As for the Pinto engine, my own experience is that the pistons will, indeed, clobber the valves if the belt breaks. But that said, my own experience has been with the engine in my RS2000 which is a bitsa and could be running gawd-knows-what compression ratio and deck height. Certainly, the last time it went back together, we dialled in a couple of degrees of camshaft advance to reduce the chances of the valves and pistons getting together. And that was with the timing-belt intact, so I’m guessing it would make a horrible mess if the belt broke while the engine was running. Maybe the engines in your Cortinas, Eric, were low-compression numbers designed to run on crappy fuel or somesuch. Don’t forget, the Pinto engine found its way into Fords as diverse as the RS2000 and the Transit van, so there would have been a lot of different states of tune.


Dirt track sixes

For more screamin’ sixes, go to Brian Darby’s Just Midgets website. Scroll down to the Aussie midgets in action caption. Click on the photo and turn up the volume. A pair of restored 1960s midgets on track. One has a Falcon engine and the other has a fuel injected grey motor.

Turn it up loud and enjoy.

Bruce Cameron,
Benaraby Qld

Hiya Bruce. I followed your instructions (even though I had certain misgivings about typing `Just Midgets’ into a web search engine) and found the link to the video. The picture quality is nothing to write home about, but the audio! Now that’s what I’m talking about… (By the way folks, the actual web address is:

The vid starts out a bit tame with a few warm up passes, but after that, these guys really start hooking in, don’t they? And check out the cars: No roll-cages, no nothing…no wonder this was an incredibly dangerous form of motorsport back in the day. We often hear about the dangers of the early days of Formula 1, but more than a few speedway drivers went to their reward back in the day, too. It wasn’t just the crashes, too; apparently huge lumps of clay were flung into the open-face helmets of the drivers back then. And according to folklore, that explains George Tatnell’s nose.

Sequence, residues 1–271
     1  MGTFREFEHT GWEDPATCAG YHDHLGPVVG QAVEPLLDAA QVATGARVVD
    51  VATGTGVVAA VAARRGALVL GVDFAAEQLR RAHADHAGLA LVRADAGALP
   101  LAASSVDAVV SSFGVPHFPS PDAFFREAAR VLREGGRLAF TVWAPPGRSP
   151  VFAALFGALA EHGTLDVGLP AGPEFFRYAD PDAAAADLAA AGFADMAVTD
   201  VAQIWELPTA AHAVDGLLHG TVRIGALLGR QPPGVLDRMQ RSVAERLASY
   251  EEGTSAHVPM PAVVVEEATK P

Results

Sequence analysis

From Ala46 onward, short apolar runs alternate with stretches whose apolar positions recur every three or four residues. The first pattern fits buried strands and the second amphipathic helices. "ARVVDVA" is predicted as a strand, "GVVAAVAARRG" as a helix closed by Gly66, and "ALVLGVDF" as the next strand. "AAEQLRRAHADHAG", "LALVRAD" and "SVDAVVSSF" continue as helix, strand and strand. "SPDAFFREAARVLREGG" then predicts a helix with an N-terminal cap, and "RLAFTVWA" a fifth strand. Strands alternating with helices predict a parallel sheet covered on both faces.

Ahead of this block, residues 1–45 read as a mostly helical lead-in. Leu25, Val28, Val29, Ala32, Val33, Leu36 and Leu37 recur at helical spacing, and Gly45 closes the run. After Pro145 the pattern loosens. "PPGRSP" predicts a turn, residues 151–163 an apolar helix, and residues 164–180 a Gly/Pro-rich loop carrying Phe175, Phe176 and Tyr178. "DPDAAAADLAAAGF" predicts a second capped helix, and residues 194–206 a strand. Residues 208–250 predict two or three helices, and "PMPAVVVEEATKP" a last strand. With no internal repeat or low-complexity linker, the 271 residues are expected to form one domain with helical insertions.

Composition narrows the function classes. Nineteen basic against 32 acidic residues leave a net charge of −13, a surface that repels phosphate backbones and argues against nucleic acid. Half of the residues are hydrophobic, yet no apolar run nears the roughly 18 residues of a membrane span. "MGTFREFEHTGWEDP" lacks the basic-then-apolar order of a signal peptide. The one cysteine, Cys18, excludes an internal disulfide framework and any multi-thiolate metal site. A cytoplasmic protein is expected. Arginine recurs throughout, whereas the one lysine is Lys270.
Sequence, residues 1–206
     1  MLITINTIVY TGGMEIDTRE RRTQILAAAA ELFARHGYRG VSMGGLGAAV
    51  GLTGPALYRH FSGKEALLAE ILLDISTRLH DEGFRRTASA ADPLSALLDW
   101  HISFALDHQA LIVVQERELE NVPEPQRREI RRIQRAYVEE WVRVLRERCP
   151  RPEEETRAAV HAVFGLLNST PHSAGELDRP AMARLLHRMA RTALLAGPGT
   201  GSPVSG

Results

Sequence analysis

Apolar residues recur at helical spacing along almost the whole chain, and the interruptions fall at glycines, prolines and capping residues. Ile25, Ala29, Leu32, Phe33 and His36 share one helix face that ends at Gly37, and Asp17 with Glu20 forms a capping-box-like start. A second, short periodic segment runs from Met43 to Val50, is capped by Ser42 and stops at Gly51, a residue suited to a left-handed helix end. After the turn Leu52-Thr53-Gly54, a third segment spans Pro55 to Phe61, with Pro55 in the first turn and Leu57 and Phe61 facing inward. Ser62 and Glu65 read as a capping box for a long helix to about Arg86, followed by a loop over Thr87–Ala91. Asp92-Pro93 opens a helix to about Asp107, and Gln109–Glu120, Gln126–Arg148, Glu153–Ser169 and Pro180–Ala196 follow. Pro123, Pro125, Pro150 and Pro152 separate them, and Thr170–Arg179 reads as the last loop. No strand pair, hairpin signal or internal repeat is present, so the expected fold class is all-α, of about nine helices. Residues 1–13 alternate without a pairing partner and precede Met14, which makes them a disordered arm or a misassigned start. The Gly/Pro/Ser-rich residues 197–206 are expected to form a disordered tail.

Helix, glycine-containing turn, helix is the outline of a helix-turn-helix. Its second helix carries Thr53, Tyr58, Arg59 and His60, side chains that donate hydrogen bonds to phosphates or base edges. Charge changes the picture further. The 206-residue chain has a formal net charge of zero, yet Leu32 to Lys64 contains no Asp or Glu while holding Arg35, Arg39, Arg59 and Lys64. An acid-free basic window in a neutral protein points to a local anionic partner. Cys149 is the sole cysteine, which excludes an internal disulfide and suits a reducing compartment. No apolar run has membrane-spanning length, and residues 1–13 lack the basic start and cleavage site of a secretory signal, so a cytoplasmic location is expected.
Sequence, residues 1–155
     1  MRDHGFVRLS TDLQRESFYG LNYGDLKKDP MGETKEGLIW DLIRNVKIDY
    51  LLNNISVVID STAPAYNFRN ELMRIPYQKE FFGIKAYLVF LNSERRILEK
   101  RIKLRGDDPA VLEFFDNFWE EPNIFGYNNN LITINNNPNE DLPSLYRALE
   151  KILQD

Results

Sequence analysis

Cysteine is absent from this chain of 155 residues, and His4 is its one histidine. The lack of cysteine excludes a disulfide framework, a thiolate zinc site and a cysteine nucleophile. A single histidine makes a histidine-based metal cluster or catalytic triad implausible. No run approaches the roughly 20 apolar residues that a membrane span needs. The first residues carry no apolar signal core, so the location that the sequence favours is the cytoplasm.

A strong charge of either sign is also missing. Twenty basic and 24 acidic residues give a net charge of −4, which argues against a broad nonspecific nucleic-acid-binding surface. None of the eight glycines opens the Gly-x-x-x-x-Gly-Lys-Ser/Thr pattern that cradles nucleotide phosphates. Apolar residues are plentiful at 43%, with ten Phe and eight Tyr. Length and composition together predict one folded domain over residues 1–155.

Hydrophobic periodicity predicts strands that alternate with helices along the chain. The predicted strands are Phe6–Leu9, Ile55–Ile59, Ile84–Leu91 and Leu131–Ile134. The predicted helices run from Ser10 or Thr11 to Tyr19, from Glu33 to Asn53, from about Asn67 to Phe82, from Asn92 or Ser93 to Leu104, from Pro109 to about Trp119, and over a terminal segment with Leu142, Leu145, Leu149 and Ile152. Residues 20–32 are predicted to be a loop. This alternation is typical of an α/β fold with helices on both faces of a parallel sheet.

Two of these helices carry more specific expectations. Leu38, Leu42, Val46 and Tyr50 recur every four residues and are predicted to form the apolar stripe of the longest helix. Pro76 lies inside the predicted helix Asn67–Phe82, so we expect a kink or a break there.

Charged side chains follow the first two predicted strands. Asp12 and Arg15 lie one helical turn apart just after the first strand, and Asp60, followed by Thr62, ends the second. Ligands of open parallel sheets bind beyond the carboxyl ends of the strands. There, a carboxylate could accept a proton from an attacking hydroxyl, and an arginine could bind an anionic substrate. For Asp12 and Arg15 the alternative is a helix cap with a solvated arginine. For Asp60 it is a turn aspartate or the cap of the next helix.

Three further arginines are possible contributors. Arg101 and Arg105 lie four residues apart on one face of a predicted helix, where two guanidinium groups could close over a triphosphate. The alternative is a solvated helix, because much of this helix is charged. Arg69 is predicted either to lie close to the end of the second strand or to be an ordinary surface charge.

As a bit of an aside, Aussie touring car legend John Harvey first made a racing name for himself in cars just like these, racing speedway in the early 60s. He switched to road racing in around 1964, partly as a reaction to a few of his buddies getting killed on the track. Of course, Slug went on to win Bathurst and become part of touring-car royalty in this country, for which he is best remembered. And being the unassuming bloke he is, he’d never big-note himself, but I can assure you, he is as brave as the best of them and his speedway days prove it.


Red EJs? No,grey EHs! 

Holden -special -sedan

I first entered the automotive industry at the age of 15, straight out of school, working at a local spare parts shop, I couldn’t wait to get my first car at 17. It was a 1963 Saltbush Green/Fowler’s Ivory one-owner EH Holden Special. I absolutely loved that car; wish I still had it.

There was a much older gentleman working at this spare parts shop at that time also who had completed his mechanical apprenticeship at a Holden dealership in Melbourne in the late 50s and early 60s.

Now, he told me lots of interesting yarns from back in the day. One such yarn involves the first batch of EH Holdens being fitted up with left-over EJ grey motors for export to South Africa.

None of those cars were ever sold in Australia. Not sure if this story could be checked out but this gent was telling a very convincing story about it at that time.